Queen of Ayodhya Korea Connection

South Korea and Indian temple town Ayodhya has two millennia-old ties which were discovered in last decade.
South Koreans discovered that a Princess or Queen of Ayodhya was married to Korean King Suro in the first century CE. Suro was the King of Kimhay kingdom or the present Korea. The Princess was married to the Korean King at the age of 16. The Koreans believe that the Princess was the mother of the descendants who unified various Korean kingdoms in the 7th century CE. Since the first century CE her descendants prospered and became the largest clan in Korea, known as the Karak, whose members had been highly distinguished people.
queen of ayodhya in korea

Ex-President of South Korea, Kim Dae-Jung (who died in 2009), believes that he is also a descendant of the Great Princess of Ayodhya.
She is regarded as the most blessed queen of Korea in the last 2,000 years, and Koreans believe that this could be due to the religious significance of the great temple city of Ayodhya where Lord Rama was born.

It is written in 11th-century Korean chronicle the Samguk Yusa, that the wife of King Suro of the ancient Korean kingdom of Geumgwan Gaya was a princess who traveled by boat from a faraway land called Ayuta to Korea in 48 AD.
Heo Hwang-ok (later named as Suro) is a legendary queen that mentioned in Samguk Yusa. She was the first queen of Geumgwan Gaya, and is considered the first queen of Gaya Kingdom.
People of Kimhae are fascinated by this link and also found that the symbol of Kaya Kingdom is two fishes kissing each other, which is similar to that of Mishra Royal family of Ayodhya.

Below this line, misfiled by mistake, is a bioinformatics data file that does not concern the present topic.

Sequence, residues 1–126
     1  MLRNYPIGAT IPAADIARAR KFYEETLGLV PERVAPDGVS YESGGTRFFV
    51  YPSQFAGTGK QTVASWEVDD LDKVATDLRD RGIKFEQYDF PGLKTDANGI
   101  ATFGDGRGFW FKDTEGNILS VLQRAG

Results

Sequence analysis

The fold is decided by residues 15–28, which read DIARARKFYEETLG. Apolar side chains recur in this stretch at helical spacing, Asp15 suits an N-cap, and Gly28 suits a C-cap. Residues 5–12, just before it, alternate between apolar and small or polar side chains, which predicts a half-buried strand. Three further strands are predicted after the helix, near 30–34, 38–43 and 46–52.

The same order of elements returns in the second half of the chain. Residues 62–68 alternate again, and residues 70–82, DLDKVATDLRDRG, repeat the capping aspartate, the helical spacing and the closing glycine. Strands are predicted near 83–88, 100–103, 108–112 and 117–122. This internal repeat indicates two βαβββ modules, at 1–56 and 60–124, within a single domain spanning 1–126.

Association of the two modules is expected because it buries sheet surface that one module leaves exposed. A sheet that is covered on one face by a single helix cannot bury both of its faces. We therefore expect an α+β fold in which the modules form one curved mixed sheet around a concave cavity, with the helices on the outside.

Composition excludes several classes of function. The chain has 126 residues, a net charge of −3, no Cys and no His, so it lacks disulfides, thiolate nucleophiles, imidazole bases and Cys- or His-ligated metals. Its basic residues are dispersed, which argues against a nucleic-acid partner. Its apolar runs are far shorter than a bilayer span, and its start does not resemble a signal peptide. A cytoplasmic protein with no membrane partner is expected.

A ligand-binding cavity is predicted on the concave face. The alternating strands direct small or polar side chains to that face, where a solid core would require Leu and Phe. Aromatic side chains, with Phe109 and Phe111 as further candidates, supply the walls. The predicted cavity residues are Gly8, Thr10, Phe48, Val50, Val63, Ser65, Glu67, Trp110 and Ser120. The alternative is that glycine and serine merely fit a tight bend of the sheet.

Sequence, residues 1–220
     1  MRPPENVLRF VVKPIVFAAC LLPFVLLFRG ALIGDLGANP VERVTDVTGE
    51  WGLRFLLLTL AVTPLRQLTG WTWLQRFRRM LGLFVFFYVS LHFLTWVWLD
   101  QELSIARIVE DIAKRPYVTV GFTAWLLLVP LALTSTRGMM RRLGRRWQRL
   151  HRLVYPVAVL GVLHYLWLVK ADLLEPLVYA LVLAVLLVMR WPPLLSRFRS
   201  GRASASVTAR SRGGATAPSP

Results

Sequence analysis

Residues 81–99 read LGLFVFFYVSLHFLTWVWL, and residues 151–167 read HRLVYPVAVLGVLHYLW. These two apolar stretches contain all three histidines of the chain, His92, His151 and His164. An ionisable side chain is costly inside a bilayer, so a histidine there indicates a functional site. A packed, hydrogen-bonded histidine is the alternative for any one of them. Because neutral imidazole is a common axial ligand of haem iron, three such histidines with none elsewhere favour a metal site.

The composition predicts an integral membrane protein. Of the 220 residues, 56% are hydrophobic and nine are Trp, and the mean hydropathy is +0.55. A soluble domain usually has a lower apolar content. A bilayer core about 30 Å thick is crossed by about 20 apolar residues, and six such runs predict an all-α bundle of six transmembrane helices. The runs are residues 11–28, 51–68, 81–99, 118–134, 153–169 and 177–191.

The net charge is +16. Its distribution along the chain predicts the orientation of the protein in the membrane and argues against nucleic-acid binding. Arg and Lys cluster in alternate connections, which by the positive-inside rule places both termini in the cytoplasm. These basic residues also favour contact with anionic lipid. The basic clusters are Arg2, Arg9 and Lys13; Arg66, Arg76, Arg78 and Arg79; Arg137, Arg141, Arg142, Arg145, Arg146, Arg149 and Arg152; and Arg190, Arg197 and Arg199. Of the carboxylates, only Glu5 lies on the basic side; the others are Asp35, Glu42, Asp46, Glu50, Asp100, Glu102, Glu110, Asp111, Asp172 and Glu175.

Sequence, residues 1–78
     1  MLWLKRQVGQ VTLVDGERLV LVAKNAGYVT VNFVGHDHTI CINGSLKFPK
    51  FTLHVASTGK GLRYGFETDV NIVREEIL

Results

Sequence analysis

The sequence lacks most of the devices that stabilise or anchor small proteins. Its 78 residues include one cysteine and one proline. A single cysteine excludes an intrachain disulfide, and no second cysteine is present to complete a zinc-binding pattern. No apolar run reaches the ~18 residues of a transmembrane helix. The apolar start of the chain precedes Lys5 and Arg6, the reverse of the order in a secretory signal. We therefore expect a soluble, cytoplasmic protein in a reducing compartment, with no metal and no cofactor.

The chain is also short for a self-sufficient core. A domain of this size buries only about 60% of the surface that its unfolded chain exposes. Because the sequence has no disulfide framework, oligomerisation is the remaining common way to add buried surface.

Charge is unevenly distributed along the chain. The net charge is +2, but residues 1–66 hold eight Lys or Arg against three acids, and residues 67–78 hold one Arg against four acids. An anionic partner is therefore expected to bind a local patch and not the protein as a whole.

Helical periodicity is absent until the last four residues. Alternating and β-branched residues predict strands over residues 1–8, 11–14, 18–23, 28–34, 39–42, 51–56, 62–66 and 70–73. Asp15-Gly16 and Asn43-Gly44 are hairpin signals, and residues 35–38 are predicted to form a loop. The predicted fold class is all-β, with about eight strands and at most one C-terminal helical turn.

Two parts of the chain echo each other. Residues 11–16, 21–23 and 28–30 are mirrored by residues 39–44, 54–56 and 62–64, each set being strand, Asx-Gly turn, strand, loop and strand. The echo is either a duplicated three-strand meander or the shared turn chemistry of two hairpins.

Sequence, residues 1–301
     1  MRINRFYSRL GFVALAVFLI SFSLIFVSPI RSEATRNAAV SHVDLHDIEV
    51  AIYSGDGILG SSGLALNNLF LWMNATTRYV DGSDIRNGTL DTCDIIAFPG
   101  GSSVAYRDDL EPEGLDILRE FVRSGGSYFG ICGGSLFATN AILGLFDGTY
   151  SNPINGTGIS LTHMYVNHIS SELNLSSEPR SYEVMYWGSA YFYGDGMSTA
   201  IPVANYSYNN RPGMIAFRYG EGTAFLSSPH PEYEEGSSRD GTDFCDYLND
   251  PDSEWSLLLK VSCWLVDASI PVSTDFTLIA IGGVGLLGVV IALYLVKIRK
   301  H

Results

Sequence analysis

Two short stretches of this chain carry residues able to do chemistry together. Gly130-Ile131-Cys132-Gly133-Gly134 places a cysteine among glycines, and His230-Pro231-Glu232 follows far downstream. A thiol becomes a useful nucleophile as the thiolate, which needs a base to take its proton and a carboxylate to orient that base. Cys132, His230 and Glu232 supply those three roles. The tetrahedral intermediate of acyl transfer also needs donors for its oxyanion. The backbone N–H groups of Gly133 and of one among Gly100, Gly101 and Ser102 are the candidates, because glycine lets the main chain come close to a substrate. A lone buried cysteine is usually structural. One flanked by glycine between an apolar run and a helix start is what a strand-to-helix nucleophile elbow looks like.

Heo and Suro had 12 children, the eldest son was Kŏdǔng. She requested Suro to let two of the children bear her maiden surname. Legendary genealogical records trace the origins of several Heo clans to these two children: Kimhae (or Gimhae), Hayang, Taein, Hansan and Yangcheon. The Gimhae Kims trace their origin to the other eight sons. Overall, more than six million Koreans trace their lineage to Queen Heo, however, in Indian history, no records are found of this legend. The other two were female and were married respectively to a son of Talhae and a noble of Silla.

The legend states that the queen died at the age of 157.

Now the entire Kara clan, which comprises over two-third of korean population are their descendants.
Korean government has declared Ayodhya as their sister-city and a monument in memory of princess Hoh was placed there.
The people in korea seem quite proud of their links with India, especially because Queen Suro gave rise to the Kim dynasty, a powerful family name in the country.

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